Do you agree or disagree with the following statement? Parents or other adult relatives should make important decisions for their older (15 to 18 year-old) teenage children. Use specific reasons and examples to support your opinion.
Parents or other adult relatives should not make decisions on behalf of their older teenage child. Nevertheless, they must take an active part in the decision-making process of their offspring. They can use their knowledge and experience to prevent their teenager from making costly mistakes while allowing him/her to gain confidence and learn from his/her smaller errors so that he/she will be able to make mature decisions of his own in the future.
Teenage children often lack the experience and knowledge to make sound decisions, and here their parents' input is valuable and necessary. Finding the right university or the right job after graduating from senior school is an example for this. A teenager has not worked before and never attended a university, and thus his knowledge in both areas is extremely limited. Here the parents should advise their child and ensure that he/she makes the right decision.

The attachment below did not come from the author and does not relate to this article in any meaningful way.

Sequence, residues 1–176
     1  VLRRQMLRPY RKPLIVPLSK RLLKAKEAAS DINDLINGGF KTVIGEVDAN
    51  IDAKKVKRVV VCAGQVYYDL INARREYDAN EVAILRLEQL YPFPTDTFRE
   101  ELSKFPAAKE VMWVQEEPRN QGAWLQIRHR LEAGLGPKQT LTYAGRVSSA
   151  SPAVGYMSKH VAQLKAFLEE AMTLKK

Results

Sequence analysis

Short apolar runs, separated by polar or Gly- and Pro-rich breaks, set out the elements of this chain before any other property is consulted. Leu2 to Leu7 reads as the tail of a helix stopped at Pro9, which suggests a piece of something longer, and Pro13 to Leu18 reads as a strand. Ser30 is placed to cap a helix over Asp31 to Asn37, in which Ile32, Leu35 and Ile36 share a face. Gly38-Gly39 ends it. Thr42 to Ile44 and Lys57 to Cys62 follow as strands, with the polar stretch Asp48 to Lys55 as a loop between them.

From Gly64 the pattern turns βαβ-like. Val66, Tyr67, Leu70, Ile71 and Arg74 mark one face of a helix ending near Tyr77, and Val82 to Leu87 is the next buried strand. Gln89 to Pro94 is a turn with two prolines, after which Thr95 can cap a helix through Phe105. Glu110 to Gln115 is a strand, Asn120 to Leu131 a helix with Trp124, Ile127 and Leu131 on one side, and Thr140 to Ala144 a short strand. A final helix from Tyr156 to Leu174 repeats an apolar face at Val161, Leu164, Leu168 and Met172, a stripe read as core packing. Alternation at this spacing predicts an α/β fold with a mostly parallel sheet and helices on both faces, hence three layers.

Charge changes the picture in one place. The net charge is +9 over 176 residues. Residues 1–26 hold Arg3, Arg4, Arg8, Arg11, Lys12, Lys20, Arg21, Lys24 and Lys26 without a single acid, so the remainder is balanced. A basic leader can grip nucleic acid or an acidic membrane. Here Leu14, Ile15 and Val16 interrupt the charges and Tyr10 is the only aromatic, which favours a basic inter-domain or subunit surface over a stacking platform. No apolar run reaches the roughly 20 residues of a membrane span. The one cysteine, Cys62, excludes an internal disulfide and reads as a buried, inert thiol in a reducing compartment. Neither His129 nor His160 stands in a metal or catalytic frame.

In order to be able to make sound decision in the future a young adult must gain confidence, and parents can help by engaging him/her in dialogue and providing him/her with all the necessary information. A child between the ages of 15 and 18 will be able to recognize the best arguments and reasons. Through the parents' guidance he/she will arrive at the correct decision and feel as though it was completely his/her own. Not only will he/she continue to seek the reliable advice of his/her parents, but the self-confidence gained from this experience will make it easier for him/her to make decisions in the future.
While parents should guide or direct their child, sometimes it is helpful to allow him/her to make a mistake.
This will teach the child to live with the consequences of a wrong decision and also to ponder future choices more carefully. For example, a child might ignore his/her parents' advice and pick a summer job that sounds very interesting initially, but which he/she comes to loathe almost immediately. This experience will be invaluable when the child grows up and has to find a real job.